By Steve Holland
WASHINGTON (Reuters) – Barack Obama is revelling in presidential power and influence unseen in Washington for decades.
Barely 100 days in office, the U.S. president and his Democratic Party have firm control over the White House and Congress and the ability to push through ambitious plans.
Now, with the coming retirement of a Supreme Court justice clearing the way for him to appoint a successor, Obama already is assured a legacy at the top of all three branches of government — executive, legislative and judicial.
On the corporate front, the federal government’s pumping of billions of dollars in bailout money into banks and auto companies has given Obama the power to force an overhaul in those industries, a remarkable intervention in capitalist industries by the state.
Americans are giving him leeway as well. His job approval ratings are well over 60 percent, giving him political capital to undertake big challenges.
His political opponents, the Republicans, are in disarray, reduced in numbers and engaged in an internal struggle over how to recover from devastating election losses in 2006 and last year.
Experts speak of Obama in the same league as such transformational presidents as Democrat Franklin Roosevelt, who led the United States through the Great Depression and World War Two, and Republican Ronald Reagan, who led the country to victory in the Cold War.
"I cannot in my memory remember a time when a president of the United States has had more influence," said Democratic strategist Doug Schoen, who worked in the Clinton White House.
"Not only is it his moment, it is a level of influence and power for a president that is literally unprecedented from any time since the New Deal and Franklin Roosevelt. If he handles it right, it could be his century."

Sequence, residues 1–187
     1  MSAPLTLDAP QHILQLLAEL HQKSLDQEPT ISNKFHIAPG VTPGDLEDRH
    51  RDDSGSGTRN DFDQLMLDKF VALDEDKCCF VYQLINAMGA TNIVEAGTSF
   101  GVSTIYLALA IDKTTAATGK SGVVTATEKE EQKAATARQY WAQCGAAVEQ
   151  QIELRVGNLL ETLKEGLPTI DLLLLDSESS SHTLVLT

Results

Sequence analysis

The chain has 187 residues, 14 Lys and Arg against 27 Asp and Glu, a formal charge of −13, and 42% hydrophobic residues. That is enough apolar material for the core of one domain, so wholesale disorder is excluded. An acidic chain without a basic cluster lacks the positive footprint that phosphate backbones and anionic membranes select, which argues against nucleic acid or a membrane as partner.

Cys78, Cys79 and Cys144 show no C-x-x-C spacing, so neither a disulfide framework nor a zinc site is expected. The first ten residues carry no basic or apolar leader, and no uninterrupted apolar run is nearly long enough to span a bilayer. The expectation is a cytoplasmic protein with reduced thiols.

STROKE OF LUCK
Obama is seeing evidence that with power comes the occasional stroke of luck.
A gift came in the party switch this week by Pennsylvania Senator Arlen Specter from the Republicans to the Democrats.
It could give the Democrats unfettered authority. If and when Minnesota Democrat Al Franken overcomes a recount battle and takes his Senate seat, Democrats will have a 60-vote supermajority in the 100-member Senate.
The announced retirement of Supreme Court Justice David Souter has given Obama the opportunity to put his imprint on the highest U.S. court and replace one of the court’s liberals with another liberal voice.
Although he will not be able to change the court’s balance of power from a conservative majority any time soon, he will be able to select a justice likely to remain on the bench long after Obama has left the White House.
How long will his luck last?
With the U.S. economy reeling and millions of Americans without jobs, Obama has his work cut out for him. He has a long list of challenges, and spoke of them at a news conference this week.
"If you could tell me right now that, when I walked into this office that the banks were humming, that autos were selling, and that all you had to worry about was Iraq, Afghanistan, North Korea, getting healthcare passed, figuring out how to deal with energy independence, deal with Iran, and a pandemic flu, I would take that deal," Obama said.
Pollster John Zogby said that after his first 100 days, Obama now embarks on another weighty period in which Americans will want to see evidence that his $787 billion economic stimulus approved in February is working.
"I think by late June, they are going to have to start seeing some of these economic indicators stabilizing or at least some orange cones and hard hats out on the roads — something that indicates either a stemming of the tide or some kind of progress," Zogby said.
Those who keenly watch the poll numbers also point out that while Obama is personally popular, some of the items on his agenda are less so.
"I think he will always stay personally popular," said Republican strategist Charlie Black, who was a senior adviser on Republican John McCain’s presidential campaign last year. "But when you test the individual policies, a majority will tell you we’re spending too much money."
"On the policy proposals the jury is out as to how popular they will be," he said.
(Editing by Howard Goller and Mohammad Zargham